Why is Google going backwards?

Darien Graham-Smith
21 Aug 2013

A few months ago I wrote a column in the magazine arguing that we shouldn’t feel too aggrieved when Google tinkers with or discontinues free web services. But I have to admit I'm finding it hard to remain sanguine when so much about the company’s free offerings has changed for the worse lately.

For a start, January saw the unveiling of the new Google Image Search – an ugly step backwards, in my view, that wastes space while concealing useful information and functions. One site operator reported  an 80% drop in traffic from Google Image searches in the month following the redesign, indicating that users have been switching off in droves.

Then Maps got a similar treatment: this one may not be ugly, but the interface is again more opaque than what went before, and major features appear to be missing. Is it still possible to add waypoints to driving directions? Or to grab a short link to a destination? Does My Places even still exist? I’m honestly not sure what’s gone and what’s just hidden away.

Latitude meanwhile has been downsized into a less functional Google+ feature – prompting floods of protest in Google's product forums – while Gmail Chat is being subsumed into Google+ Hangouts to form a cross-service multimedia mess. For the time being it's still possible to switch back, and that's what plenty of users want to do.

Time and money has gone into making these things worse.

And then there's Gmail itself, which recently gained a tabbed inbox that has proved, to put it mildly, controversial. That too is optional at present, but what's not optional is the new Compose Mail interface that, by default, hides the text of the email you’re responding, as well as commonly used fields and buttons. It's such a shocking step backwards in usability that an unofficial Twitter account has been set up for disgruntled users to share their frustration.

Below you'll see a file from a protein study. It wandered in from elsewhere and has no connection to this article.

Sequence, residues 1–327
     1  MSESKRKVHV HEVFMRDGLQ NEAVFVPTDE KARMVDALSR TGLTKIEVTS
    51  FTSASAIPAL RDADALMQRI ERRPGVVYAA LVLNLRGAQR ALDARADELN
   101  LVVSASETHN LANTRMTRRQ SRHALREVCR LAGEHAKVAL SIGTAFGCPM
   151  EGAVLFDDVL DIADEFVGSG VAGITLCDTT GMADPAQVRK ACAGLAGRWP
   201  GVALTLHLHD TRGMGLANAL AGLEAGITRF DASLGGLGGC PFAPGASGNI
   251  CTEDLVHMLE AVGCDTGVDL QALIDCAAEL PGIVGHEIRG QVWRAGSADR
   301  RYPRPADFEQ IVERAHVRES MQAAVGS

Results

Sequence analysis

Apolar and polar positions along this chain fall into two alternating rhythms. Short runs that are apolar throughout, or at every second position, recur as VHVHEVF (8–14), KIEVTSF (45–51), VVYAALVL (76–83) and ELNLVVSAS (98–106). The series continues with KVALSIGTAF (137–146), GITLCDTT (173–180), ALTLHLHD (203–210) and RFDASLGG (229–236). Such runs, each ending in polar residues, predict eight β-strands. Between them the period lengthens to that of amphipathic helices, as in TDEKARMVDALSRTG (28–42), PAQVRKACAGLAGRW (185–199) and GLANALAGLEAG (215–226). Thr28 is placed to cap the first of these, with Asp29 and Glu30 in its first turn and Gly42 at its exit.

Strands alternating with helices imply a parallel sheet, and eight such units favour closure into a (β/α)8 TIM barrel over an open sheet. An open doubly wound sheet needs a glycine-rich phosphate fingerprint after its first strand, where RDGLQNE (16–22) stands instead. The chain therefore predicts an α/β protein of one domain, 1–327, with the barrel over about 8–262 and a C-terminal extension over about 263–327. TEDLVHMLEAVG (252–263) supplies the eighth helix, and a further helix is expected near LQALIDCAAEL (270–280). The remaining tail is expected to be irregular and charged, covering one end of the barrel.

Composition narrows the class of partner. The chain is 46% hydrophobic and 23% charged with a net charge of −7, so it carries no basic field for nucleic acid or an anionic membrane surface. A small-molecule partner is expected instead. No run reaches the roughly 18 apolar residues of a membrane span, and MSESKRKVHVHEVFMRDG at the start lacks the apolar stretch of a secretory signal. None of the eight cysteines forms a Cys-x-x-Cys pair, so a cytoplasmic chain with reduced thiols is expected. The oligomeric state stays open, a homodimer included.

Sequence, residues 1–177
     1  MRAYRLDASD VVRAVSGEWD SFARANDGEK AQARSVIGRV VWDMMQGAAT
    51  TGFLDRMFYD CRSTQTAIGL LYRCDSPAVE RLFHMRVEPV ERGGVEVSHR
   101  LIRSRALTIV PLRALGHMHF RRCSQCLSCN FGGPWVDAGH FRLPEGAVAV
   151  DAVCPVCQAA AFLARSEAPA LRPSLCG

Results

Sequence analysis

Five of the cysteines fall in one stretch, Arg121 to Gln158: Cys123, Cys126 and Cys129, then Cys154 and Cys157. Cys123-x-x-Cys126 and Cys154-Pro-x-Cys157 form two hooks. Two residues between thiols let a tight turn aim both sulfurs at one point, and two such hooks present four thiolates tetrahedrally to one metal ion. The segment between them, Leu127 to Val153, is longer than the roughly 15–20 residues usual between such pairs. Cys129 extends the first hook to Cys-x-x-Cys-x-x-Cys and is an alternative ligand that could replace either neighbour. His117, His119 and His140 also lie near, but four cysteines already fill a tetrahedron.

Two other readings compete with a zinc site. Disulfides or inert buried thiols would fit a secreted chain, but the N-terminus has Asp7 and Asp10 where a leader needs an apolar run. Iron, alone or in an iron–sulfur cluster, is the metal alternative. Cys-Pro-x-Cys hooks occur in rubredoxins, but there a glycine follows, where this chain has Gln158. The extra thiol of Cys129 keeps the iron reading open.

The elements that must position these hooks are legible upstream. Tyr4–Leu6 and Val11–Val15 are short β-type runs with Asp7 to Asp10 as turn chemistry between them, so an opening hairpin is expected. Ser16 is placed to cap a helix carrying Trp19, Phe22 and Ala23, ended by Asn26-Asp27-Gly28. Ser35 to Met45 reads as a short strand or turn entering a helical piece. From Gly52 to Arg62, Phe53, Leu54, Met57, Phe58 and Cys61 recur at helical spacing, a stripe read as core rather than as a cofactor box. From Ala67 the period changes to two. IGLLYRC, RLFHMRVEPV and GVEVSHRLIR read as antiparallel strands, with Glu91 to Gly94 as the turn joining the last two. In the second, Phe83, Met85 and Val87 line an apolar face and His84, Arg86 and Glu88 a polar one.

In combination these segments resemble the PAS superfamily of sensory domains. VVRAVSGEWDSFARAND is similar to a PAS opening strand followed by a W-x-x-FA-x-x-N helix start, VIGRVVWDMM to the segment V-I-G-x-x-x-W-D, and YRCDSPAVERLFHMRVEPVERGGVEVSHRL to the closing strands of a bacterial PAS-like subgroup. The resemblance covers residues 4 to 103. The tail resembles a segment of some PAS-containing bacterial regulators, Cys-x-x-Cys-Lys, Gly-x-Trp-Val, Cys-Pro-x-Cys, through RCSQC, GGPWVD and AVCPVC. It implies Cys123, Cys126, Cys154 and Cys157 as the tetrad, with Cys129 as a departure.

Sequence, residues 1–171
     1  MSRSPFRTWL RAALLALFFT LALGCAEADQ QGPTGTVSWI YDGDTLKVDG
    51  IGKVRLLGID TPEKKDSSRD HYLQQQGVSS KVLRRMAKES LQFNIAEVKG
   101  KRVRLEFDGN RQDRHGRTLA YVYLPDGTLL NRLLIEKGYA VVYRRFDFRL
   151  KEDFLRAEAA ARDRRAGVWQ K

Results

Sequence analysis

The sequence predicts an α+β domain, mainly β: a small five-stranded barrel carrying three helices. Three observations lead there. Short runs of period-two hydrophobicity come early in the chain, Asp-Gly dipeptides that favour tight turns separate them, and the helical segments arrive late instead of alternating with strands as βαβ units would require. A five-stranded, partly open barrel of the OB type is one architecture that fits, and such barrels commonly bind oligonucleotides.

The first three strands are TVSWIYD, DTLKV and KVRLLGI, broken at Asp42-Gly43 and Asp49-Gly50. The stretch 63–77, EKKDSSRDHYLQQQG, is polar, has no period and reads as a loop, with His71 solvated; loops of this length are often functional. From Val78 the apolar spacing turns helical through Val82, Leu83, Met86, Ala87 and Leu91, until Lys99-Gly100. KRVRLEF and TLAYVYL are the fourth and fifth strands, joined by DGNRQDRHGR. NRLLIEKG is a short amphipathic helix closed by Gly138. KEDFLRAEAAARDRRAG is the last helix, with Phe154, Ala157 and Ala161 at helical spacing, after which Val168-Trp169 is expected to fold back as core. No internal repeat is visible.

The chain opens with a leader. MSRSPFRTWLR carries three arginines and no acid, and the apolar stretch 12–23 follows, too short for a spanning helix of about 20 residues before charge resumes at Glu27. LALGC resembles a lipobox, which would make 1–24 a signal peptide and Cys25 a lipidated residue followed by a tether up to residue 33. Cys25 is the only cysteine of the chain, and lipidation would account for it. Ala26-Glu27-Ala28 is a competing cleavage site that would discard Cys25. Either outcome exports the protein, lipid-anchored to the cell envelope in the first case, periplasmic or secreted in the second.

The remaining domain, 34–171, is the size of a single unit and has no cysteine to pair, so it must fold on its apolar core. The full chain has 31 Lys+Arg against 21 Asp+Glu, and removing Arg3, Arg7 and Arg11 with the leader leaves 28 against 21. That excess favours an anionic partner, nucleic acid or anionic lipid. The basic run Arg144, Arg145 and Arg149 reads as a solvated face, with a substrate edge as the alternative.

Here's the thing that baffles me. I can understand that closing a service such as iGoogle or Reader frees up resources that can be focused elsewhere. As I wrote in my column, I don’t resent that. Frankly I want to see ambitious, expensive products such as Glass and driverless cars realised as quickly as possible. But all these changes aren't cost-saving measure – they're an expense. Time and money has gone into making these things worse.

I have to assume there's some reason behind this madness. Perhaps Google is working towards a grand ulterior motive that it considers more important than broad customer satisfaction. Or, perhaps the company is proceeding in the honest belief that its services are getting better and better. I have seen it suggested that CEO Larry Page has become increasingly surrounded by "yes-men", so corporate culture could be a deluding factor here.

Ultimately though it's immaterial to me whether strategy or incompetence is at play. What matters is the user experience. For many years I've championed Google as one of the few companies that really "got it" when it came to clean and accessible interfaces; it looks like that era is over.

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